After finding their legacy policies (or secondary evidence thereof), insureds should provide notice to their insurance companies.  Many insurance policies contain a Notice of Claim or similar provision requiring the insured to provide written notice of any “claim” (often defined to include both an actual lawsuit and a written demand for monetary damages) “as soon as practicable.”  In addition, some policies also require notice of an “occurrence” likely to give rise to a later claim.  Although the law with respect to notice is often complex, and depending on applicable law, late notice may not be problematic, the best practice is for policyholders to provide notice under applicable insurance policies. 

Schools, religious organizations, and other institutions providing services to children may have already received letters or emails from claimants alleging sexual abuse or molestation.  These communications may qualify as “claims” within the meaning of their policies, so insureds should report them to their insurers as well as any actual lawsuits filed on or after August 14.  If the claimants provide details of their alleged abuse (including the years in which it occurred), insureds can also anticipate which policies will likely be impacted. 

4. Anticipate Likely Insurer Defenses

Depending on the size of the exposure, the insurers will likely try and find ways to limit and/or deny coverage.  For GL policies, insurers may argue that there has not been an “occurrence,”meaning an accident, because the alleged conduct was intentional.  This so-called defense has no merit for institutions, as no institution intends to harm children, and claims against institutions are most always negligence-based (such as failure to take action, failure to warn, negligent supervision, etc.). 

Some GL policies may also have exclusions for sexual abuse or molestation, but these exclusions were developed and used only in recent years.  The key issue here is for policyholders to find and pursue coverage under older policies which do not contain any such exclusion.  Alternatively, even if a policy contains an exclusion, depending on the specific language, it may not apply.

Depending on the policy period, the insurer(s) may also try and disclaim coverage by claiming that another insurer is on the hook for the claimant’s alleged injuries.  This is more of a delay tactic than a basis for denial, but it can be frustrating to policyholders when an insurer is bound to defend and indemnify, and the only thing holding it back is its idea that some other insurer should share in payment.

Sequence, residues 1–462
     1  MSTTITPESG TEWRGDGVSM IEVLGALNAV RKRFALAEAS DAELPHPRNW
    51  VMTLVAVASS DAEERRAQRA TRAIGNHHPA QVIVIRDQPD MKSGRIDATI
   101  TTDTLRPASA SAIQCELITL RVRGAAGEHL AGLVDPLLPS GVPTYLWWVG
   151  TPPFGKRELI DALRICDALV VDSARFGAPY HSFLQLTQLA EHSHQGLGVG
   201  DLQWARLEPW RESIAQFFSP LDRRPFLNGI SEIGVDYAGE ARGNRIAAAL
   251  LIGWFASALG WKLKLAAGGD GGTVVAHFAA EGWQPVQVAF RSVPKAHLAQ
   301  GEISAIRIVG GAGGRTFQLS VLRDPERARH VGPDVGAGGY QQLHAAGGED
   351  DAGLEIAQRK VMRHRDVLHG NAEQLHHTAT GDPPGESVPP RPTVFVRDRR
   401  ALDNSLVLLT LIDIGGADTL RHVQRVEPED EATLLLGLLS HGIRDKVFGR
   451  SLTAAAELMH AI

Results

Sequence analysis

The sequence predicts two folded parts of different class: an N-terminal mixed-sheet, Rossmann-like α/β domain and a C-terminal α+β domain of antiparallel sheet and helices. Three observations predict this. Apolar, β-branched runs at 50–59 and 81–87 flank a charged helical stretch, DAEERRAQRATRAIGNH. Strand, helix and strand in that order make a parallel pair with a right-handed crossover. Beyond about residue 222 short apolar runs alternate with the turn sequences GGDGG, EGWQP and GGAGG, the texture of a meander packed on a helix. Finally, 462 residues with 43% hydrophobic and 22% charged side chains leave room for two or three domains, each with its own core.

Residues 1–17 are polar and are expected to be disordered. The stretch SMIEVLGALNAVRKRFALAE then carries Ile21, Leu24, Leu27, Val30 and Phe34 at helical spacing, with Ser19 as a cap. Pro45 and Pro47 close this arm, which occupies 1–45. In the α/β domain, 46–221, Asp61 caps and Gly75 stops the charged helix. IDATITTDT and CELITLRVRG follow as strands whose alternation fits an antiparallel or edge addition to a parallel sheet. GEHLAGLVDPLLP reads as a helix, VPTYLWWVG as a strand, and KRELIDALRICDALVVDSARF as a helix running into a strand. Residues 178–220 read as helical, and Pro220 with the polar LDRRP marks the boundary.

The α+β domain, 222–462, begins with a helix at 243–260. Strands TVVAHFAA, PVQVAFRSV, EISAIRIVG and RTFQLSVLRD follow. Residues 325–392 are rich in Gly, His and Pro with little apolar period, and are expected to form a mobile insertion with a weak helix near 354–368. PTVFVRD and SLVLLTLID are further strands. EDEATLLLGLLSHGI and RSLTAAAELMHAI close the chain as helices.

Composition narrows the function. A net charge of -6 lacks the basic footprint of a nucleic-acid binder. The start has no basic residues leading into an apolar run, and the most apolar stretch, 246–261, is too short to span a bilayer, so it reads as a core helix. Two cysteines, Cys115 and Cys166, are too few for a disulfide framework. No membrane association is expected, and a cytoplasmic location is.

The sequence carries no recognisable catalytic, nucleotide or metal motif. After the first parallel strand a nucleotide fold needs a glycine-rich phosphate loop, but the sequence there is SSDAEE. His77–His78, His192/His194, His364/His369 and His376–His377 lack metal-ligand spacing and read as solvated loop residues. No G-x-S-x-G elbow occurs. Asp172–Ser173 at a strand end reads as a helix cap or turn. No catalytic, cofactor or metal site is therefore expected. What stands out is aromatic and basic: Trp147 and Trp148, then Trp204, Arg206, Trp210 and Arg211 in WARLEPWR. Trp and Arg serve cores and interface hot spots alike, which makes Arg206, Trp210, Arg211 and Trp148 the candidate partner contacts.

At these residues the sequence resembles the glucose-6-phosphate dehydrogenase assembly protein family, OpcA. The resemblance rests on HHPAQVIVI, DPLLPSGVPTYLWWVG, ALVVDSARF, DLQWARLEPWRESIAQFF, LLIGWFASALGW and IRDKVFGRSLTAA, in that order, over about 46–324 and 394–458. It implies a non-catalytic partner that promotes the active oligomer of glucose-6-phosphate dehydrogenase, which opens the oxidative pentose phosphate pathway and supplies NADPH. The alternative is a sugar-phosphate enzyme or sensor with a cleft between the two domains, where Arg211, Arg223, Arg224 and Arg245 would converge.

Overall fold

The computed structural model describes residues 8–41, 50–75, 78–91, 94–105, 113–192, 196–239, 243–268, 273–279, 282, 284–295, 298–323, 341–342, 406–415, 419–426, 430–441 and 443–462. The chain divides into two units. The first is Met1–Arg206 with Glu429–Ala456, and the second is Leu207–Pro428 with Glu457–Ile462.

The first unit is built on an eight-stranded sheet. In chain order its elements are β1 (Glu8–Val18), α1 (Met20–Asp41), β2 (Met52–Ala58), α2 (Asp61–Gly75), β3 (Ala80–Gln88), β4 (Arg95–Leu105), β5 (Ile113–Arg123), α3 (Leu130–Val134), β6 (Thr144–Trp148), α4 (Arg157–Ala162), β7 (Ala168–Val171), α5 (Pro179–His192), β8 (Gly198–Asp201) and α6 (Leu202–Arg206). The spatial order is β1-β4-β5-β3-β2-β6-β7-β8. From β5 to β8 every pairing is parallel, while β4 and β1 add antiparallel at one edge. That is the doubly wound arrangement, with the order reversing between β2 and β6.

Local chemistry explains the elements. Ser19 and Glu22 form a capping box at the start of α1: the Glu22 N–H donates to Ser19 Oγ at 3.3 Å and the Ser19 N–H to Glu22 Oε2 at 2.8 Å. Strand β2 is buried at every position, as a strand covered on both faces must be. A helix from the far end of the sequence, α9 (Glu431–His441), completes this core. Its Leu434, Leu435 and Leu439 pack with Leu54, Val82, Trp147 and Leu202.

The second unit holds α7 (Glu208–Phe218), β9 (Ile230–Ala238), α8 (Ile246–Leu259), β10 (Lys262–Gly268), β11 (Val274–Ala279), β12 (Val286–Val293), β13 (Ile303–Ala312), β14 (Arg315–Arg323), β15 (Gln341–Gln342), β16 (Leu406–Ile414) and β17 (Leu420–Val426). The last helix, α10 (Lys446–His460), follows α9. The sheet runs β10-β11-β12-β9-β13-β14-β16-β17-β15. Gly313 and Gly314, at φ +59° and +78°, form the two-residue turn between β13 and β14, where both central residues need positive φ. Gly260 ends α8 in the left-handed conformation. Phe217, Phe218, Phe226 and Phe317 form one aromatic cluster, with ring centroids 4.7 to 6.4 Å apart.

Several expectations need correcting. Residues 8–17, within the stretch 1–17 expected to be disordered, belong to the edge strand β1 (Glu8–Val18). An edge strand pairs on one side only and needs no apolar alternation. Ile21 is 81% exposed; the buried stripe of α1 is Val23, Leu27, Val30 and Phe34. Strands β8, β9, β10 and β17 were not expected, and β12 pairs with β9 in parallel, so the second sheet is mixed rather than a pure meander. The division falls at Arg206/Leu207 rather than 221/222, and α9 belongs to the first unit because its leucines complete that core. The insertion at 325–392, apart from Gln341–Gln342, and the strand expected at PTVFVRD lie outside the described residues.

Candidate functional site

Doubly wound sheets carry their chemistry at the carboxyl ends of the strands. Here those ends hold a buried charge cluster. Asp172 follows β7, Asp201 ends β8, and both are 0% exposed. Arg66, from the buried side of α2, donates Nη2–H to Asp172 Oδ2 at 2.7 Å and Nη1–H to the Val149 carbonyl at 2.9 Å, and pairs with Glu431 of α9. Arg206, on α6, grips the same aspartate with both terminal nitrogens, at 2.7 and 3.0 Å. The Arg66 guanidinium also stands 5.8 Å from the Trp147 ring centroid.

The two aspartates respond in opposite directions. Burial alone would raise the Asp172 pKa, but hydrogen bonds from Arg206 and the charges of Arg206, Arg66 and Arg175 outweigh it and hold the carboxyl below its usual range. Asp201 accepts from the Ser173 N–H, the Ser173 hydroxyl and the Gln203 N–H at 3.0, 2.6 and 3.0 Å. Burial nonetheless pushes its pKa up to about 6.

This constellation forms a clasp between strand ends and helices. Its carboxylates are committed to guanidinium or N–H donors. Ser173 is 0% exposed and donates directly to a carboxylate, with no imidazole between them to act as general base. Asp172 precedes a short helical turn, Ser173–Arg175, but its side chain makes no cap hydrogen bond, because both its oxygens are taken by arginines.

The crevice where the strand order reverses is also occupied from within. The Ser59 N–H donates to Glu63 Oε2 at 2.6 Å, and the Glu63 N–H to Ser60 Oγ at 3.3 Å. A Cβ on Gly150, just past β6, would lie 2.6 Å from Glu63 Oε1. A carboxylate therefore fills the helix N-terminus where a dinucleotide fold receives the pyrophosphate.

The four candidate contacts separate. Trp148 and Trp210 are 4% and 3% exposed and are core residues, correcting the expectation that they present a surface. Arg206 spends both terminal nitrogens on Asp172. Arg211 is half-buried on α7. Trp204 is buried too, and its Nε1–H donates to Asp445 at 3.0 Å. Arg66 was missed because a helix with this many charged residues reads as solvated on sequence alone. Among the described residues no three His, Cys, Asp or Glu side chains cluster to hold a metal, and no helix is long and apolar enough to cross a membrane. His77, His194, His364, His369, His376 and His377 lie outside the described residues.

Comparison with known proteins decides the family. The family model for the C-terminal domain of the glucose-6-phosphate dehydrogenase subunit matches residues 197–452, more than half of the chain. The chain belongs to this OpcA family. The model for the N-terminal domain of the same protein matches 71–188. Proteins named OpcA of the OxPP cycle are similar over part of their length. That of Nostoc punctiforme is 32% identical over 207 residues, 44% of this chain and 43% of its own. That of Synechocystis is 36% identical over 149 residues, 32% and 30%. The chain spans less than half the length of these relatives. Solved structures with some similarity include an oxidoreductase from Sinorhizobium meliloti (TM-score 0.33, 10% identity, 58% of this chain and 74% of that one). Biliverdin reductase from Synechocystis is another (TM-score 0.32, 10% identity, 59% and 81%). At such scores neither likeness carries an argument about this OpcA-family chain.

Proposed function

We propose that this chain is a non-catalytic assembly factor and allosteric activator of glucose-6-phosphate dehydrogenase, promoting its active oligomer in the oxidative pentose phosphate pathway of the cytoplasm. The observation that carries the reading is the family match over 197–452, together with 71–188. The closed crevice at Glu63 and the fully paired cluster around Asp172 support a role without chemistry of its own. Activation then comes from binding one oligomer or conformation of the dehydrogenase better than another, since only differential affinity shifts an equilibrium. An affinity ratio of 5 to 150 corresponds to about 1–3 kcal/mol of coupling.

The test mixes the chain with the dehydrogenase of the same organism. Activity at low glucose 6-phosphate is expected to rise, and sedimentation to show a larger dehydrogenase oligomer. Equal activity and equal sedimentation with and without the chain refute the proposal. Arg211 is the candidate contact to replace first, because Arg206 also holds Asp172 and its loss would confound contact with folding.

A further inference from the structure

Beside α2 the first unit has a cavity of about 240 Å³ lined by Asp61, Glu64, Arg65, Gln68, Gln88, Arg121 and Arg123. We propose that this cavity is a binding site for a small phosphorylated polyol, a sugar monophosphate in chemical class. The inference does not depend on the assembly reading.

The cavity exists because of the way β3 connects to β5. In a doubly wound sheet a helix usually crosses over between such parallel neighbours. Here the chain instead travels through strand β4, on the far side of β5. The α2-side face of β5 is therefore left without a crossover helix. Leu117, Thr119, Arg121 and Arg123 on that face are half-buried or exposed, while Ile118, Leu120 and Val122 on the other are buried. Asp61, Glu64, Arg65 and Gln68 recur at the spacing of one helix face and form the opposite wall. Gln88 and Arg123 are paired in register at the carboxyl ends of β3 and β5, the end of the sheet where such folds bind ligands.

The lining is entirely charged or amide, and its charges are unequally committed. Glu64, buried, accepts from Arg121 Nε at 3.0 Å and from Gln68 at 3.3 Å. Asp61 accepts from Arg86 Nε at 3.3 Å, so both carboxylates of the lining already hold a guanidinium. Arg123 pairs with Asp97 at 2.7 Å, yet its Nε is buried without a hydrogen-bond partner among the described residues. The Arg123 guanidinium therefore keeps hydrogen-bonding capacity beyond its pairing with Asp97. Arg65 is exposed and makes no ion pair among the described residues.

To this end, it’s helpful to understand how allocation works regarding coverage for so-called “long-tail” claims taking place over several policy periods.  Courts use tend to apply one of two approaches to determine how to apportion liability across multiple policy periods: the “all sums” approach and proration.  Keyspan Gas E. Corp. v. Munich Reins. Am., Inc., 31 N.Y.3d 51, 58 (N.Y. 2018).  The “all sums” approach allows the insured to collect its total liability under any policy in effect during the periods of the alleged harm or injury, up to the policy limits.  Id. 

The “all sums” allocation approach is akin to “joint and several liability” and thus places the burden on the selected insurer to seek contribution from the insurers that issued the other policies.  In re Viking Pump, Inc., 27 N.Y.3d 244, 255 (N.Y. 2016). 

By contrast, under pro rata allocation, each insurer’s liability is limited to the sums incurred by the insured during the policy period, meaning that each insurance policy is allocated a “pro rata” share of the total loss for the portion of the loss occurring during its policy period.  Keyspan Gas, 31 N.Y.3d at 58.  In other words, pro rata shares are often calculated based on each insurer’s “time on the risk”—a fractional amount corresponding to the duration of the coverage provided by each insurer in relation to the total loss.  Id.  New York has not adopted a strict all sums or pro rata allocation rule.  Instead, the particular language of the relevant insurance policy will govern the method of allocation.  Id.; Viking Pump, 27 N.Y.3d at 257.  For example, the Court of Appeals of New York has held that “all sums” allocation is appropriate for policies containing non-cumulation and prior insurance provisions.  Viking Pump, 27 N.Y.3d at 264. 

Regardless of the defenses that the insurers raise, insureds should review their coverage response(s) carefully and refuse to simply take “no” for an answer.  With these kinds of claims, coverage denials are common, but rarely valid.  Hiring a coverage attorney is oftentimes the only way policyholders can achieve justice.    

In closing, a storm is coming on August 14.  Businesses and nonprofits are likely to face revived claims under New York’s Child Victims Act.  Insurance carriers have been preparing for some time to limit liability at the expense of their policyholders, and most have a game plan to do so.  Although insurance implications can be multifaceted, policyholders should not be dissuaded from pursuing coverage.  If done correctly, coverage can be secured.  Policyholders must act now to batten down their insurance hatches and line up coverage.